Promoted as ‘a different day out’, the annual British Alpaca Futurity (BAF) comes to the NEC this week; taking over Hall 3A on Thursday 15th and Friday 16th.
Tickets are £7.50 on the door, or available through www.ticketfactory.com / Accompanied children below 16yrs get in free.
‘Over 35 trade stands’ will be selling equipment needed to raise and care for Alpacas, along with advice from existing breeders on how to commercially rear the animal.
Garments and products using Alpaca wool will also be sold, along with ‘live demonstrations of felting, hand spinning & crochet work’ – plus a chance for the public to ‘make your own’.
There will also be a showcase ceremony, where over 400 Alpacas will compete for rosettes and awards. Organisers have compared this event to Crufts, but for Alpacas.
Competitions will also be held in Alpaca based photography, art work and fibre craft.
But what is an Alpaca? Described by BAF organisers as ‘creatures which look like a cross between a sheep and a giraffe’, they are part of the Camelidae family; sharing linage with the camel and llama.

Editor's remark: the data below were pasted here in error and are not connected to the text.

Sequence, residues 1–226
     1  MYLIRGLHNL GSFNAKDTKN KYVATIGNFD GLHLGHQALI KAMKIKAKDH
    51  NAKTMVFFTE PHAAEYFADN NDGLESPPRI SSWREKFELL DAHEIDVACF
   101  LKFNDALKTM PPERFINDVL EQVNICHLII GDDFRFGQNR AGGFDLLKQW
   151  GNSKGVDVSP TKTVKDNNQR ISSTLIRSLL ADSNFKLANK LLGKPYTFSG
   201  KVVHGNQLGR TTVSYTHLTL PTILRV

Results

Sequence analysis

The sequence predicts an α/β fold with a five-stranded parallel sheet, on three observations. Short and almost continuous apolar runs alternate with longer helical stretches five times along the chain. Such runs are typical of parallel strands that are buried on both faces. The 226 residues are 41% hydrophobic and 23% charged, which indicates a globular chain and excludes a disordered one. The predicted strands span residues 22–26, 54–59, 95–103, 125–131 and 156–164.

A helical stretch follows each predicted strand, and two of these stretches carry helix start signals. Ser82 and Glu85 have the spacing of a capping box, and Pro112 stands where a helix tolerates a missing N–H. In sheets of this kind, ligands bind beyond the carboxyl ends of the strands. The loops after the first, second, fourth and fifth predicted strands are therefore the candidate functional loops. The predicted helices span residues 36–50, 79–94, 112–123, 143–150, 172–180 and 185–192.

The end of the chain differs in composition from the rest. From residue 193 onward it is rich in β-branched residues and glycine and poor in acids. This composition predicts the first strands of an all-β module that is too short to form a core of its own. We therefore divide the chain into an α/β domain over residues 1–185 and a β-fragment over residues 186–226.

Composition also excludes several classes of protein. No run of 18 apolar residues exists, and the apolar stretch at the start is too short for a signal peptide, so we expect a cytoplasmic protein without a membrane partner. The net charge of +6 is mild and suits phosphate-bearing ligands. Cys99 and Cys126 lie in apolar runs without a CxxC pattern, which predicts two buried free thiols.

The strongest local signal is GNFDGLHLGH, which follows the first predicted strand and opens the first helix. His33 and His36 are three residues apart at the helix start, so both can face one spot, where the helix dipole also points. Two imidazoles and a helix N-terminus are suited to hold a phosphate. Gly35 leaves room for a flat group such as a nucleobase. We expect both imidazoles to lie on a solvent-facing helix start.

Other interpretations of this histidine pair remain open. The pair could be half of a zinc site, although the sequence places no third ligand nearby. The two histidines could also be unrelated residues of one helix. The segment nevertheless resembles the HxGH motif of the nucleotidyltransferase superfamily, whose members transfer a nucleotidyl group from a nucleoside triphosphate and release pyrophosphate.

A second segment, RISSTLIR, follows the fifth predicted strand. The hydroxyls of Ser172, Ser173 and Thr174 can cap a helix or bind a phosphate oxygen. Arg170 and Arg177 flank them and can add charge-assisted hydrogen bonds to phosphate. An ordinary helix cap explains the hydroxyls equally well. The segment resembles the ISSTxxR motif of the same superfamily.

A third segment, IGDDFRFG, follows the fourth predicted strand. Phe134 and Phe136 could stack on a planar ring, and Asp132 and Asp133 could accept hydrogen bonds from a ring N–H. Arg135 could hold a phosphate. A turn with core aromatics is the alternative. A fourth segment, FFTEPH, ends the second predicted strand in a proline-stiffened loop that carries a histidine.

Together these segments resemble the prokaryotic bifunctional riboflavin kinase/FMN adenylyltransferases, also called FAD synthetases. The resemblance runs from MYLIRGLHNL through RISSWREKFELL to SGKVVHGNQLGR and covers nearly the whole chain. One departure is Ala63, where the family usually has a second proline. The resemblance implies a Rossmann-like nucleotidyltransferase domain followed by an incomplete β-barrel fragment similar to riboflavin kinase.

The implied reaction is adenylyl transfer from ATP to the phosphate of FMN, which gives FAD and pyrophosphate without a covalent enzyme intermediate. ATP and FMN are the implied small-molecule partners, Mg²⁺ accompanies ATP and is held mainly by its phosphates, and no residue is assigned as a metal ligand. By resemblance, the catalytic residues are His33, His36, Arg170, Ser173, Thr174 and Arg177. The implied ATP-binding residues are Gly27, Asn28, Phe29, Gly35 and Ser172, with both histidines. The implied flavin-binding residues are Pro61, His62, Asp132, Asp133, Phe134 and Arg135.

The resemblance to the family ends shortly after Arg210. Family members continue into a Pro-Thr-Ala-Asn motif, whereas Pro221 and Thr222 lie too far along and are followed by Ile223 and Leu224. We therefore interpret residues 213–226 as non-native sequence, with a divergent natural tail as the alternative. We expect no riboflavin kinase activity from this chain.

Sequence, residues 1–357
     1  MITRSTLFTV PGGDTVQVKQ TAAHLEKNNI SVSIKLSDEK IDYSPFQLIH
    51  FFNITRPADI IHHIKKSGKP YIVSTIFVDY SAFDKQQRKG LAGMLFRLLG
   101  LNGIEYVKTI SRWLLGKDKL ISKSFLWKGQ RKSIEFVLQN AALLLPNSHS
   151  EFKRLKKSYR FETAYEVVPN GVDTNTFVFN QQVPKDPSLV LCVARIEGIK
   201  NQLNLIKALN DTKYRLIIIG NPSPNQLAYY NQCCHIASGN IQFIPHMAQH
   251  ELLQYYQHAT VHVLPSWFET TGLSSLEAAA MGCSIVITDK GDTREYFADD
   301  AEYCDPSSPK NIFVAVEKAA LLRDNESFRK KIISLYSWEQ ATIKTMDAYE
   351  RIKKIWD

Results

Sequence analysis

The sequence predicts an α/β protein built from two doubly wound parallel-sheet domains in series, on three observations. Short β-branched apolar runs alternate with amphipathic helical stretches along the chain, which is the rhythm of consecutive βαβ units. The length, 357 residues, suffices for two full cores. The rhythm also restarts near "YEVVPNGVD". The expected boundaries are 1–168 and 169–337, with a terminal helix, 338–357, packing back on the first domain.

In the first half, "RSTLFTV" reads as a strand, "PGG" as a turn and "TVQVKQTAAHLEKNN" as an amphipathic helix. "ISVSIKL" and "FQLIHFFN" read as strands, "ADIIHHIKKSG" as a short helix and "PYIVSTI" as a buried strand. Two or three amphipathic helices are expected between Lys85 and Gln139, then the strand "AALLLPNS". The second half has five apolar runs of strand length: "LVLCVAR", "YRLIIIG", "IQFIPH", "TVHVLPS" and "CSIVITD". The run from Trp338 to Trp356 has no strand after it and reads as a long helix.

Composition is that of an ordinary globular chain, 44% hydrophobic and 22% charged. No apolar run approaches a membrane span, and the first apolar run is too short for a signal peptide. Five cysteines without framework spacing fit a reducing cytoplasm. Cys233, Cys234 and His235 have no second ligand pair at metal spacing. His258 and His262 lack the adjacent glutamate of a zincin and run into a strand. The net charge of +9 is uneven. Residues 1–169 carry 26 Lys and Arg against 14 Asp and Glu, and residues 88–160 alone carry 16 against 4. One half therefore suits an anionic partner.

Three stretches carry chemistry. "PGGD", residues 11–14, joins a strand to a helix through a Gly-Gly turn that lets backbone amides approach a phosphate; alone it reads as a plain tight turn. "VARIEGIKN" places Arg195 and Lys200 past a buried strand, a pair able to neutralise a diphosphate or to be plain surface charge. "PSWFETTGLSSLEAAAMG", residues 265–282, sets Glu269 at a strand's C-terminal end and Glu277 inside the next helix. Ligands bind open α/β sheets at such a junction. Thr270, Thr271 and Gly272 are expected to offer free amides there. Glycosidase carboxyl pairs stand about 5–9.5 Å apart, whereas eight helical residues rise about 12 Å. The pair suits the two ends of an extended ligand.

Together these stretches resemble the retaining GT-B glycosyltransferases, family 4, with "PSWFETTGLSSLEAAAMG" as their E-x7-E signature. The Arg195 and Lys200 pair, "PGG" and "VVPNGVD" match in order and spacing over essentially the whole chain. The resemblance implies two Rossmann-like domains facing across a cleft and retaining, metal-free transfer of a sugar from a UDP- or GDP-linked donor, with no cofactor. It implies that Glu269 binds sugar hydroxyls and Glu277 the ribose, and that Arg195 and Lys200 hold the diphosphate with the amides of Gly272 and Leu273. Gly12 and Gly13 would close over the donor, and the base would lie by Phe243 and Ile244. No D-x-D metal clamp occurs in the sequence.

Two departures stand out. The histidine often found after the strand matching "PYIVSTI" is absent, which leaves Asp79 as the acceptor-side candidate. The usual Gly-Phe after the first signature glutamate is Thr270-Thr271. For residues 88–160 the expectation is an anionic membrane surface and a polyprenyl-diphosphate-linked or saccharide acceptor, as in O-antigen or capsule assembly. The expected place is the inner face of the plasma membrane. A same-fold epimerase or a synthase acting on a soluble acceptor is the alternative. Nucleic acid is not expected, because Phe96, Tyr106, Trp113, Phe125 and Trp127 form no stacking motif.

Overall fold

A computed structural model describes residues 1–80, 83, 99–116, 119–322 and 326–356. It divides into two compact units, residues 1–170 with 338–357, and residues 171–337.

Found predominately in South America, enjoying the higher altitudes of the Andres across southern, Peru, northern Bolivia, Ecuador and northern Chile – Alpacas number ‘approximately 30,000’ in the UK; being farmed for their fleece and wool.
Used to harsh mountain terrains in dangerous climates, the Alpaca can adapt to the systems of British rotation grazing well. They also eat approximately 1-2% or their body weight per day, as opposed to 2-3% for sheep, and have a healthy self-discipline of separating areas for eating and for waste.
Alpaca wool is sold for fleece linings, shawls, scarves, waistcoats, hats and jumpers; as well as duvets, blankets and pillows.
The British Alpaca Futurity 2013 comes to Hall 3A at the NEC on March 15th & 16th. Tickets are available at www.ticketfactory.com or on the door.
For further information on the British Alpaca Futurity, including a programme of this year’s event, visit www.britishalpacafuturity.com